Friday, April 30, 2010

Lessons from York - The Girl's Train revisited

The last post I presented a puzzle from the TCA Eastern Division Toy Train Show at York, PA. An exceedingly rare and valuable set suddenly appears on the market in quantity. The set, Lionel's 1957 Girl's Train, is one of those items that's desirable only because it's so rare.

I speculated that perhaps the core demographic for this set was beginning to age out of the market and downsizing. But there might be more to the story.

The Girl's Train sold very poorly when first offered, and for a long time wasn't particularly desirable. The toy train hobby heavily skews male (and conservative males at that), so a bubblegum pink locomotive didn't top anyone's "must have" list. But then investors entered the hobby; folks interested in buying low and selling high. The value of the Girl's Train climbed.

Strangely enough, demand was such that there were several reissues/homages to this fabled set. Williams created their version with a different engine, and even a passenger train in pastel colors! K-Line also produced a pastel "girl's train." (pictured, left)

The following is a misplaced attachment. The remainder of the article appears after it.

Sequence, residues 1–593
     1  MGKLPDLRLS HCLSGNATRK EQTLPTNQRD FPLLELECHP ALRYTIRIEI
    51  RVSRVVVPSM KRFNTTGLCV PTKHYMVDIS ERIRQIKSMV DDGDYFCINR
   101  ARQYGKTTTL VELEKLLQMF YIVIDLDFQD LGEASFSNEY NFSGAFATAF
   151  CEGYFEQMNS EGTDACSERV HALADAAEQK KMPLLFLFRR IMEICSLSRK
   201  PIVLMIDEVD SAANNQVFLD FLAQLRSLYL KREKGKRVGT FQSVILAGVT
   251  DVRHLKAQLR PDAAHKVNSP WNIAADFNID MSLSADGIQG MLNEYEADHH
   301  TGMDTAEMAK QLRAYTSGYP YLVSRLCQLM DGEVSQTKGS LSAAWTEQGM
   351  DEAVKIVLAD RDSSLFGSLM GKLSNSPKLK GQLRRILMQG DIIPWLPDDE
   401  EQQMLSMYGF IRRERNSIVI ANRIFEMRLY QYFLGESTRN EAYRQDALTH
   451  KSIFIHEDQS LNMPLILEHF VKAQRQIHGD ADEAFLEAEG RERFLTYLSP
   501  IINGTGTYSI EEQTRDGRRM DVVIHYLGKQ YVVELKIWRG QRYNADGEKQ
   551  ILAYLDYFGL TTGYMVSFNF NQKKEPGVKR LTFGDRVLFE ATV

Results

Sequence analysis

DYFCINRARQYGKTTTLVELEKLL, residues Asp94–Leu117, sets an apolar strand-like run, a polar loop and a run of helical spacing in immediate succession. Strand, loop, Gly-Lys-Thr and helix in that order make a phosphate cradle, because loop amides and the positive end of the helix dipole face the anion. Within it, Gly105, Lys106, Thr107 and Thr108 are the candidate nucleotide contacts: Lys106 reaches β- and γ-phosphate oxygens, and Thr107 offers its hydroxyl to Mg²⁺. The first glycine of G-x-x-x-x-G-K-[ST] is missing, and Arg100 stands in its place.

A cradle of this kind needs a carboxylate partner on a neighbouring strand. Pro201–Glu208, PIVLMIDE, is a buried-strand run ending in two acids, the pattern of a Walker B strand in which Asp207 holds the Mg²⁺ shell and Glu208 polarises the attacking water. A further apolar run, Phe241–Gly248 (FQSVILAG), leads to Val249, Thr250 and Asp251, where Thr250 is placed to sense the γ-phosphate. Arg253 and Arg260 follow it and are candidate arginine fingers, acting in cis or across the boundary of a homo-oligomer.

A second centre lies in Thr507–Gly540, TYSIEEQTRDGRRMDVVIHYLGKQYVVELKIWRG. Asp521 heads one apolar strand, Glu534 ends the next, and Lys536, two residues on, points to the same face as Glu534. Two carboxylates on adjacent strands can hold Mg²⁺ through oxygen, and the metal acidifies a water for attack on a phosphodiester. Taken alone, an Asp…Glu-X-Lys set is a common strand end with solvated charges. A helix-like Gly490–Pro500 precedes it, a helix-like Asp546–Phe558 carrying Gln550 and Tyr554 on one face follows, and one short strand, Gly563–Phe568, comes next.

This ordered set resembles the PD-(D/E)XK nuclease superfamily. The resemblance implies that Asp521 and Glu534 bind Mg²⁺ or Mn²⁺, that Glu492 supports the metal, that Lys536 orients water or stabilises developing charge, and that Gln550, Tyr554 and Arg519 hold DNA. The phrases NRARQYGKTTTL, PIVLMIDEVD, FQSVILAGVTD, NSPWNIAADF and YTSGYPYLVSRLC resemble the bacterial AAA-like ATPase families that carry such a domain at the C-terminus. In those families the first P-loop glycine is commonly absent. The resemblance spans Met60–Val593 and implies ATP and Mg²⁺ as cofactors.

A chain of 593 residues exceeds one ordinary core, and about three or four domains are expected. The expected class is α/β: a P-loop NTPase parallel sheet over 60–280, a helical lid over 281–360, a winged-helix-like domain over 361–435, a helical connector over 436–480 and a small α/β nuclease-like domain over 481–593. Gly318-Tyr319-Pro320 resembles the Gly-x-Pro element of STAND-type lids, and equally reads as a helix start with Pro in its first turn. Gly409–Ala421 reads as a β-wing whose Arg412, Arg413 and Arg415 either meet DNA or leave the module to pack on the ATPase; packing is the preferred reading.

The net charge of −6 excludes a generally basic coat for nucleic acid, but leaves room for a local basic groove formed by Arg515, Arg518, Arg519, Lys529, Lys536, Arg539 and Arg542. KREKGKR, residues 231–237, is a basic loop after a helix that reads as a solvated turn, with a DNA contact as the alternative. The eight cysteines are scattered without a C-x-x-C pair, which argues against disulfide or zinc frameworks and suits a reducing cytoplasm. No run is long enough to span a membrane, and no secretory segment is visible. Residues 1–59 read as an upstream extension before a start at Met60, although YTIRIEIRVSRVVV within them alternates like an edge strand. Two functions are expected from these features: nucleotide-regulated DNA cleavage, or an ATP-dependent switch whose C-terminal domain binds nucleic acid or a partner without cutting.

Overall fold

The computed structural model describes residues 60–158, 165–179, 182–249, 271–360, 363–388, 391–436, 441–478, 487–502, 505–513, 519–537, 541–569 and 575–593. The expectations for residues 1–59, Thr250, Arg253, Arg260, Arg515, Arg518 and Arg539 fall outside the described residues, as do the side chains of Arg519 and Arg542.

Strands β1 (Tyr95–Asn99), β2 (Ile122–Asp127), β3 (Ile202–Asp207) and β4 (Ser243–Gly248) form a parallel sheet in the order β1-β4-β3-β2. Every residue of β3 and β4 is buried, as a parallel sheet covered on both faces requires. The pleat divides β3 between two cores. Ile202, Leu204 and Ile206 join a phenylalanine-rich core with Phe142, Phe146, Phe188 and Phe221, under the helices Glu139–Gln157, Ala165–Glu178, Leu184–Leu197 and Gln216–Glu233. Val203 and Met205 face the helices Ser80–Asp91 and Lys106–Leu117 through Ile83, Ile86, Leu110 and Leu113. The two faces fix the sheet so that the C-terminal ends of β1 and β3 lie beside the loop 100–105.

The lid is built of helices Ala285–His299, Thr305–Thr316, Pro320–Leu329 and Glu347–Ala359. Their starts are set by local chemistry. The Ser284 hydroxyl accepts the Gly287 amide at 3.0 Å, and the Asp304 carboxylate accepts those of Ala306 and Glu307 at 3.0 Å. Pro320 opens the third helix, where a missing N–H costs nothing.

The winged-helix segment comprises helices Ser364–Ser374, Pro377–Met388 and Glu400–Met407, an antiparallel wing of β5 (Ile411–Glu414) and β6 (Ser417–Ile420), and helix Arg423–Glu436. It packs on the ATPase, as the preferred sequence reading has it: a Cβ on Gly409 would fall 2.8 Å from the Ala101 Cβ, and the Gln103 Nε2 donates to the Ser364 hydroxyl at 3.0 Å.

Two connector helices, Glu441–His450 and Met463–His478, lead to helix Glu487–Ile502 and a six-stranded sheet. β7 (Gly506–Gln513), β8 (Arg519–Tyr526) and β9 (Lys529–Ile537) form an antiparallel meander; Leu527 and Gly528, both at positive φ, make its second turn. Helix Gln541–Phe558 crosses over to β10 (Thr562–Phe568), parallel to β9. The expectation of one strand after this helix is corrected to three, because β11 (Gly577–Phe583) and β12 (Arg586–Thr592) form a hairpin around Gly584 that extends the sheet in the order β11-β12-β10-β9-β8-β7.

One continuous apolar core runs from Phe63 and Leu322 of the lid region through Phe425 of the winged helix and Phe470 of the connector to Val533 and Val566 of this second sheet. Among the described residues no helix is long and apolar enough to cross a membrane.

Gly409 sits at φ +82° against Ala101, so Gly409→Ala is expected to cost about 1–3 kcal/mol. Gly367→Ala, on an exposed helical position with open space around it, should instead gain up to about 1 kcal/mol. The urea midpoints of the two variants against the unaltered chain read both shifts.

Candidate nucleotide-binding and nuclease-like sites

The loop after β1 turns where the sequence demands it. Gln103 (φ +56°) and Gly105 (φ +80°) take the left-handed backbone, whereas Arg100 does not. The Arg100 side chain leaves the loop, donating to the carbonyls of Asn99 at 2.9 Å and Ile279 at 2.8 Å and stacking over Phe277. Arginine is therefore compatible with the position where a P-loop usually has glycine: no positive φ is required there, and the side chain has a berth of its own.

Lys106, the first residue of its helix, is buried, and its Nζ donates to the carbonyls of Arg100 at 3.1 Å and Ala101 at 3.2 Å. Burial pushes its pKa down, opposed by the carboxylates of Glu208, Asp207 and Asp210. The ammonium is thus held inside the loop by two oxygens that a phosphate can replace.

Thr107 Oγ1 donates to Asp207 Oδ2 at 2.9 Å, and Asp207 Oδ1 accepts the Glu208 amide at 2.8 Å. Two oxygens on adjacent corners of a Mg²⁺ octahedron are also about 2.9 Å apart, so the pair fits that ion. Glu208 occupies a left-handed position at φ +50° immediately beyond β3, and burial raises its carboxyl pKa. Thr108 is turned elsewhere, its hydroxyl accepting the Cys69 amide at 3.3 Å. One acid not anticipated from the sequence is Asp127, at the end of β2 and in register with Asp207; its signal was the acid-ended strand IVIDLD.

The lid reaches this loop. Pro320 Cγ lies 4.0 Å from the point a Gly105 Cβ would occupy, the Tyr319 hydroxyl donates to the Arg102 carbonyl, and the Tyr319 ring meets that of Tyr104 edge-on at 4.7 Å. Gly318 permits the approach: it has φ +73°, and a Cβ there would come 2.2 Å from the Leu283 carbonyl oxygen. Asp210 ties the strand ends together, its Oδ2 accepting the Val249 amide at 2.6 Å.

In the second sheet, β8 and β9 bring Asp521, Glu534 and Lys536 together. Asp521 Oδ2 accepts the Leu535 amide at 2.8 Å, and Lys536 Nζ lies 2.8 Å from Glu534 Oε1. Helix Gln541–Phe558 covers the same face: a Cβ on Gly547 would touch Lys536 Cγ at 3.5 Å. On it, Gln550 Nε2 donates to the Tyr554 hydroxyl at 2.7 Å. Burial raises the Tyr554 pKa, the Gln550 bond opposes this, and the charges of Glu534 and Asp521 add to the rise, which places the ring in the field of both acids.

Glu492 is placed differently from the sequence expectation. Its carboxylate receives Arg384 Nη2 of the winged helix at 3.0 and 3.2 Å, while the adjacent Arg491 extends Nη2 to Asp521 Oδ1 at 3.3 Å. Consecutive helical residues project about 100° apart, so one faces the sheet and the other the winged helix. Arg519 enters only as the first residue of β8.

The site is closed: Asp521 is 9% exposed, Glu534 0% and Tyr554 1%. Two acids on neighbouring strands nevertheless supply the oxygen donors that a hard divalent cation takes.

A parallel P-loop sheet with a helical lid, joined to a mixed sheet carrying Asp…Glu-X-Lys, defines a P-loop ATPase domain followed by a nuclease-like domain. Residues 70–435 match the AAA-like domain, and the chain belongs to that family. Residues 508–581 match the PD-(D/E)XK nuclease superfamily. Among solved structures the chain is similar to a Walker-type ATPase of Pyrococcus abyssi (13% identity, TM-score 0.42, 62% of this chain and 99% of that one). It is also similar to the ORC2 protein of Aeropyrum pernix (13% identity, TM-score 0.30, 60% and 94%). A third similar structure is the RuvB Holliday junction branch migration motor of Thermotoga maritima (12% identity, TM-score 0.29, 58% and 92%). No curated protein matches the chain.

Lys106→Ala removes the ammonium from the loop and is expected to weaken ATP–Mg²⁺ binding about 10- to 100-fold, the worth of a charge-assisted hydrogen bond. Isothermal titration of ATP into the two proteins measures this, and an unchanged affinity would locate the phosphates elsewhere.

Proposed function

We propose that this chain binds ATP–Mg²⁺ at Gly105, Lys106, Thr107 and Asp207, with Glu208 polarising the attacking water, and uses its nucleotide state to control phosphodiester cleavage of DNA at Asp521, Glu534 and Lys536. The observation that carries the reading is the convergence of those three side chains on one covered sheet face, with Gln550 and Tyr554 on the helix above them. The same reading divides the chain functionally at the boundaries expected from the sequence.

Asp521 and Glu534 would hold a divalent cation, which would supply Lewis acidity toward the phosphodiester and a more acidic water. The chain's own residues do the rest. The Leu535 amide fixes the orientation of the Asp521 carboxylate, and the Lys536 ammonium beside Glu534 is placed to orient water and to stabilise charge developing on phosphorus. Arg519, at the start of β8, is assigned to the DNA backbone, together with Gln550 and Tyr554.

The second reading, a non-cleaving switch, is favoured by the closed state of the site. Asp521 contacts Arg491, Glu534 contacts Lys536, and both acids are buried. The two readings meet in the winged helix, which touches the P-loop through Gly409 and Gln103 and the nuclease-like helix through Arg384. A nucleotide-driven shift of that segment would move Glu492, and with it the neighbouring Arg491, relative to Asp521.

None of these impacted the value of the original, though. But Lionel has now reissued the Girl's Train, using the original dies. In book collecting, first editions are everything. But what about train sets?

Some older toy trains are desired for their operation. Not so the Girl's Train. I seriously doubt anyone has put this on their layout and run it. This is trophy item that only maintains its value by minimizing handling (scratches affect condition, y'know).

So what caused the sudden appearance of all of those Girl's Trains at York? Downsizing? Need for cash? Or an anticipation of falling value?

Anyone know of something similar happening in other hobbies? What were the causes there? Your thoughts are welcome!

- Ralph


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